Transcript of the story
A little liquid courage helps people communicate better in foreign languages, according to a new study.
“We know that nervousness prevents us from speaking a foreign language and that alcohol reduces your nervousness around people,” said Inge Kersbergen, a researcher at the University of Liverpool. As it happens host Carol Off.
“So that might explain why we speak better in a foreign language if we’ve had a little alcohol.”
When you’re nervous about speaking a foreign language, you take a long time, take longer breaks.– Inge Kersbergen, University of Liverpool
Kersbergen and his colleagues tested the effects of alcohol on language skills on a group of 50 native German speakers at Maastricht University in the Netherlands near the German border.
Afterwards, they were all invited to conduct informal two-minute conversations with an interviewer in Dutch.
Some received a small glass of alcohol, while others received water. The amount of alcohol was adjusted for each person’s body weight to ensure the effect was equal. A 150 pound man would get just under a pint of beer.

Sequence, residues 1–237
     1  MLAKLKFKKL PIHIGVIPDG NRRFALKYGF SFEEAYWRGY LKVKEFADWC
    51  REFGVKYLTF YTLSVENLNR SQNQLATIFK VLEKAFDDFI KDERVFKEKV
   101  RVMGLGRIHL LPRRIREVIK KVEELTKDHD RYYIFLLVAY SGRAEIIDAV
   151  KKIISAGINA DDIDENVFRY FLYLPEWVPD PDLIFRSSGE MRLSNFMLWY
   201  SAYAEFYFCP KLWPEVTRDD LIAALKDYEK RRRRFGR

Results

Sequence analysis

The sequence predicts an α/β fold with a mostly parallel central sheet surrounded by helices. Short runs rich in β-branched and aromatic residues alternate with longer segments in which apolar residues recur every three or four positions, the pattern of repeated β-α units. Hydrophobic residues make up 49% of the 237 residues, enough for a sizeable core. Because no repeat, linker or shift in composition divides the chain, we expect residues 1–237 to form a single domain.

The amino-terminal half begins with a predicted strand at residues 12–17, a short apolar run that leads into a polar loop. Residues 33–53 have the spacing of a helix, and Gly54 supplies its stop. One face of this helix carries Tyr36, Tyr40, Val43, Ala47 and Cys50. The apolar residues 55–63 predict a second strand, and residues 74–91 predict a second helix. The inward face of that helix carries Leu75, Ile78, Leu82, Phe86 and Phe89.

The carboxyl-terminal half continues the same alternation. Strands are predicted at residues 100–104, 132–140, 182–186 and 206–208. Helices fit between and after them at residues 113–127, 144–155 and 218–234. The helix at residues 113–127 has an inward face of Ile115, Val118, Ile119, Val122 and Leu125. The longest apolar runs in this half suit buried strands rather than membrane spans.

Then the native Dutch speakers rated the conversations and gave higher marks to the Germans who had been drinking beforehand.
“When you’re nervous about speaking a foreign language, you take a long time, take longer pauses, the way it comes isn’t as smooth as if you’re more confident. That’s why we think this effect works, but we haven’t tested the explanation,” Kersbergen said.
“It’s possible it’s with anything that lowers your nerves rather than something specific to alcohol.”
Don’t overdo it
Despite the results, Kersbergen isn’t suggesting getting dumped the next time you want to talk to someone in another language.
Researchers haven’t tested what happens to a person’s language skills if they continue drinking, but they suspect yields go down.
“When you drink to the point of insulting your own words, your own words in your own language, you wouldn’t expect to speak fluently in a foreign language,” she said.
The conclusions were published in the Journal of Psychopharmacology.